We have begun now, the most solemn week in our liturgical year. It's the week in which we bring to conclusion all that we have been doing during the season of Lent and of course, it ends later in the week with our celebration of Holy Thursday, Good Friday and then the resurrection of Jesus on Easter.
And so this is the moment when once more we should renew our determination to enter as fully as possible into the spirit of Jesus, to be with him during this week, because at the end of the week on Easter, we'll be renewing our baptismal promises, where we commit ourselves to be changed, be radically changed so that we can be like Jesus, be his disciples, proclaiming his message to the world.
It's very important then, that we do as that first lesson spoke of. A disciple is one who listens deeply, hears God speaking, and then responds.
So we must try today and especially the last three days of the week, to listen deeply to God's word, to understand how radical is the change that God expects of us if we are to be the disciples of Jesus.
And this morning, I will speak about the one probably most radical thing that God asks of us if we are to be disciples of Jesus, and that is that we give up violence, that we give up any spirit of retaliation or vengeance, and that we only follow Jesus in his way of active love.
There is a scripture scholar, John McKenzie, who, in a book he calls The New Testament Without Illusion, who tells us that if Jesus did not reject violence for any reason whatsoever, we know nothing about Jesus.
In other words, it's so clear in the scriptures that Jesus said no to violence, which would mean no to war, which would mean no to domestic violence, no to violence of any kind, and only follow a way of love. In fact, John McKenzie goes on to say, Jesus taught us how to die, not how to kill.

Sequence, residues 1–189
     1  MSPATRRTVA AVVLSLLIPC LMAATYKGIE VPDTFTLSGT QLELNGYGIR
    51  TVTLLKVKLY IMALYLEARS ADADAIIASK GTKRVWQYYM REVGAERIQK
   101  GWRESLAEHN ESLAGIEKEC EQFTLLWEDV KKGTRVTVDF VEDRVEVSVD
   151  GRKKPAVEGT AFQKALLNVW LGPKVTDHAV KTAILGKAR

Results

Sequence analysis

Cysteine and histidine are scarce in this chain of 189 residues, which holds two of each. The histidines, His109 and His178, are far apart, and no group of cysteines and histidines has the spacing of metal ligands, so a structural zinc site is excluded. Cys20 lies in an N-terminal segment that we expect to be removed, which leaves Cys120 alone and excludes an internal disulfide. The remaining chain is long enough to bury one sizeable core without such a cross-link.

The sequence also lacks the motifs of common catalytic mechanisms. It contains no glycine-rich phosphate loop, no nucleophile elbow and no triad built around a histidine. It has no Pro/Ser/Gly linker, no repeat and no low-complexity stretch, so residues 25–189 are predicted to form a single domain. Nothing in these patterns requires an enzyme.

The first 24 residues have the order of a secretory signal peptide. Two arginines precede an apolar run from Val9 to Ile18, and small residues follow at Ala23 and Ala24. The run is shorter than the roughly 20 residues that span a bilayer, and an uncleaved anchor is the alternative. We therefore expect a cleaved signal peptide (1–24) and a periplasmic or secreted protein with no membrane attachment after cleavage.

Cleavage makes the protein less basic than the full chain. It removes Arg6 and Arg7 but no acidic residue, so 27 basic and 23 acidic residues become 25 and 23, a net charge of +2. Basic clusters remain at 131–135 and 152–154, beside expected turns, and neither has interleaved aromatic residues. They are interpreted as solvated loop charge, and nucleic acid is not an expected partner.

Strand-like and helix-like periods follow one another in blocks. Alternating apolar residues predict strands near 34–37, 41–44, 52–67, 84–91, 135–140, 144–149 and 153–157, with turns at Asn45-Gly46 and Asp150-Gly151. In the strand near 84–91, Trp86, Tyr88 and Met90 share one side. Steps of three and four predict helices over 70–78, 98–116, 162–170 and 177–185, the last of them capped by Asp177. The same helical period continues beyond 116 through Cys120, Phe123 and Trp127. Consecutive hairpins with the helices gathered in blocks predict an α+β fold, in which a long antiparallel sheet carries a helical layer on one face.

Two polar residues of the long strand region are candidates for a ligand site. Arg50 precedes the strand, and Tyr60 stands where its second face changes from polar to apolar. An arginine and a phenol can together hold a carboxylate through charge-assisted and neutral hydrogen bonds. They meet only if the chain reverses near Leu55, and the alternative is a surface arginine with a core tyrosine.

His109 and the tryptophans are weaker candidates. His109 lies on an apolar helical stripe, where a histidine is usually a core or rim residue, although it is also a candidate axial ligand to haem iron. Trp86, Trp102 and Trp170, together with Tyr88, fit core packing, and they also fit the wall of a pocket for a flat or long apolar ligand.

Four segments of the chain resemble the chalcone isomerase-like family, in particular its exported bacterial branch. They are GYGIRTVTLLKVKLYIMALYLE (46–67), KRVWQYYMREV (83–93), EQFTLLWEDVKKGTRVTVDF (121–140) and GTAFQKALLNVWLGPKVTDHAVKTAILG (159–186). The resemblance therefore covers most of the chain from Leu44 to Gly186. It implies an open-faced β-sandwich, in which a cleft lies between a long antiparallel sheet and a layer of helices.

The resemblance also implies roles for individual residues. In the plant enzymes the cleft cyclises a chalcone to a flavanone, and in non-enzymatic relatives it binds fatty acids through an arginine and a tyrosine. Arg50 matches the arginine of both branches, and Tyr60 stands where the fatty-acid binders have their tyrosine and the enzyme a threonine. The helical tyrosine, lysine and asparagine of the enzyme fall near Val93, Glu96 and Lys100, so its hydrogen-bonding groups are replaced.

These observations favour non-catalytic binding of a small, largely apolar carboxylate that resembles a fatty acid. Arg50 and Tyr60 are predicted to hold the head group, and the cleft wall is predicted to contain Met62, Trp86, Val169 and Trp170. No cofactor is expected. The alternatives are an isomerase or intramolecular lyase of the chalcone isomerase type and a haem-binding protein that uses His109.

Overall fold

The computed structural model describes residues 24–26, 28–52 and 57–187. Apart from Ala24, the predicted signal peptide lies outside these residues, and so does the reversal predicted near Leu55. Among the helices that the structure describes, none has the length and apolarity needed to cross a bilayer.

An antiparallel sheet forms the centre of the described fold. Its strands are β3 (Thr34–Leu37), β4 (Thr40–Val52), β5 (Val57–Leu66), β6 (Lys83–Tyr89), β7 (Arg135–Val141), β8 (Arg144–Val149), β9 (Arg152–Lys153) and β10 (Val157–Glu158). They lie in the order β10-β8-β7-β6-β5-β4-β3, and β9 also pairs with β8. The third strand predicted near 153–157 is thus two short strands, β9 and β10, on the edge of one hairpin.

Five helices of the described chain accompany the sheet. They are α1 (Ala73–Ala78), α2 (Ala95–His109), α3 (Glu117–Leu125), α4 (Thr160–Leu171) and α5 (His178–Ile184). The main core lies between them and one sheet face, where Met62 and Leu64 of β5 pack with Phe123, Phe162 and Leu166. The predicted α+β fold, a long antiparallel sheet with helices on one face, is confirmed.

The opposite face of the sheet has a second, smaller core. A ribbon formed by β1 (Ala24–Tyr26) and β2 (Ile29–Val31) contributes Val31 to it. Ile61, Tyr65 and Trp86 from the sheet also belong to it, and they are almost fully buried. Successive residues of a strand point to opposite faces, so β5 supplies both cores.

See, you die, according to the way of Jesus, loving, forgiving your enemies. You die loving and forgiving your enemy. Jesus taught enemy love. He taught us how important it is to always work for reconciliation -- not even have anger in our heart. If we know a brother or sister has something against us, go and be reconciled before you come to offer your gift at the altar -- very hard to do, but it's the way of Jesus.
Some time ago, Pope John Paul II, emphasizing how important is this way of Jesus, nonviolence, said, "I invite all Christians to bring to the common task of proclaiming the gospel, its specific contribution. So in the light of that gospel, I declare, violence is a lie, for it goes against the truth of our faith, the truth of our humanity. Do not believe in violence. Do not support violence. It is not the Christian way. It is not the way of the Catholic Church. Believe only in peace and forgiveness and love, for they alone are of Christ."
When we hear these words about nonviolence, it becomes very clear, we have to undergo profound change in our hearts and in our ways of living and acting. And today's story of the passion of Jesus and especially the celebration of what we call Palm Sunday, when Jesus was acclaimed, went into Jerusalem in a way that the people were trying to make him king.